alexa Filaggrin in the frontline: role in skin barrier function and disease.


Journal of Clinical & Cellular Immunology

Author(s): Sandilands A, Sutherland C, Irvine AD, McLean WH

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Abstract Recently, loss-of-function mutations in FLG, the human gene encoding profilaggrin and filaggrin, have been identified as the cause of the common skin condition ichthyosis vulgaris (which is characterised by dry, scaly skin). These mutations, which are carried by up to 10\% of people, also represent a strong genetic predisposing factor for atopic eczema, asthma and allergies. Profilaggrin is the major component of the keratohyalin granules within epidermal granular cells. During epidermal terminal differentiation, the approximately 400 kDa profilaggrin polyprotein is dephosphorylated and rapidly cleaved by serine proteases to form monomeric filaggrin (37 kDa), which binds to and condenses the keratin cytoskeleton and thereby contributes to the cell compaction process that is required for squame biogenesis. Within the squames, filaggrin is citrullinated, which promotes its unfolding and further degradation into hygroscopic amino acids, which constitute one element of natural moisturising factor. Loss of profilaggrin or filaggrin leads to a poorly formed stratum corneum (ichthyosis), which is also prone to water loss (xerosis). Recent human genetic studies strongly suggest that perturbation of skin barrier function as a result of reduction or complete loss of filaggrin expression leads to enhanced percutaneous transfer of allergens. Filaggrin is therefore in the frontline of defence, and protects the body from the entry of foreign environmental substances that can otherwise trigger aberrant immune responses.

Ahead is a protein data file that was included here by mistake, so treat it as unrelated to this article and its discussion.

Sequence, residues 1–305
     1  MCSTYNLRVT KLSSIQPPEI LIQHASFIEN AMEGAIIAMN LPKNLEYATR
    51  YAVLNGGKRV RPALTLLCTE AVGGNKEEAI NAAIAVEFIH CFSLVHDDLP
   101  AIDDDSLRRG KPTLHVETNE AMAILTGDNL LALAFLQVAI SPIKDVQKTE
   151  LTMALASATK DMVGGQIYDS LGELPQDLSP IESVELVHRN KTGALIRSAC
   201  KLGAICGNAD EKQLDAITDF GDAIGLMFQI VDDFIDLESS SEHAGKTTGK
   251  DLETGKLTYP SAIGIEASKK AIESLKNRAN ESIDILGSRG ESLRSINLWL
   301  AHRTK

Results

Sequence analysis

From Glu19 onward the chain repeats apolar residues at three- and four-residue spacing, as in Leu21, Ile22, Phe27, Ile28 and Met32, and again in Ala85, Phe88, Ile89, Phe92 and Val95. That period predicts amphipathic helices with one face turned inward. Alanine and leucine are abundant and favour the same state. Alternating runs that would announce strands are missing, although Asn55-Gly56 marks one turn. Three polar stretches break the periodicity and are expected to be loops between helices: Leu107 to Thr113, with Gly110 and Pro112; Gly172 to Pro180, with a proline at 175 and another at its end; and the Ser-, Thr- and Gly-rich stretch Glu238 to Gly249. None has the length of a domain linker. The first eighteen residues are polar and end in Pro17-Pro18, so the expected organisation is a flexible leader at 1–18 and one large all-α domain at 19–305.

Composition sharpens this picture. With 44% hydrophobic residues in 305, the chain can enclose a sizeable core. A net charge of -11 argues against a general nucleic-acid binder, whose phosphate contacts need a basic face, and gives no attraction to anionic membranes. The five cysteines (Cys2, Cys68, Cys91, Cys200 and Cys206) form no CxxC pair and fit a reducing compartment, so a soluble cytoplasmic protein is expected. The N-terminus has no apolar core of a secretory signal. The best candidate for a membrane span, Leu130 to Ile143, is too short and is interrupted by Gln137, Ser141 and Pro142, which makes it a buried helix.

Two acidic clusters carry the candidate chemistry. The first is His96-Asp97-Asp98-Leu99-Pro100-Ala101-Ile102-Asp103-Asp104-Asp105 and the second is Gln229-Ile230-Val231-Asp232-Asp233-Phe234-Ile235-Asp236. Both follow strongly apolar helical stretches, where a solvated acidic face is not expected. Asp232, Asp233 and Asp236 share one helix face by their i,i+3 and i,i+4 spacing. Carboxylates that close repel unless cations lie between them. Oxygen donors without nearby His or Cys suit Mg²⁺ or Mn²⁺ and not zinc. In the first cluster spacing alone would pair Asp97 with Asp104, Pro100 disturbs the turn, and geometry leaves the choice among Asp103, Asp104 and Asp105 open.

This article was published in J Cell Sci and referenced in Journal of Clinical & Cellular Immunology

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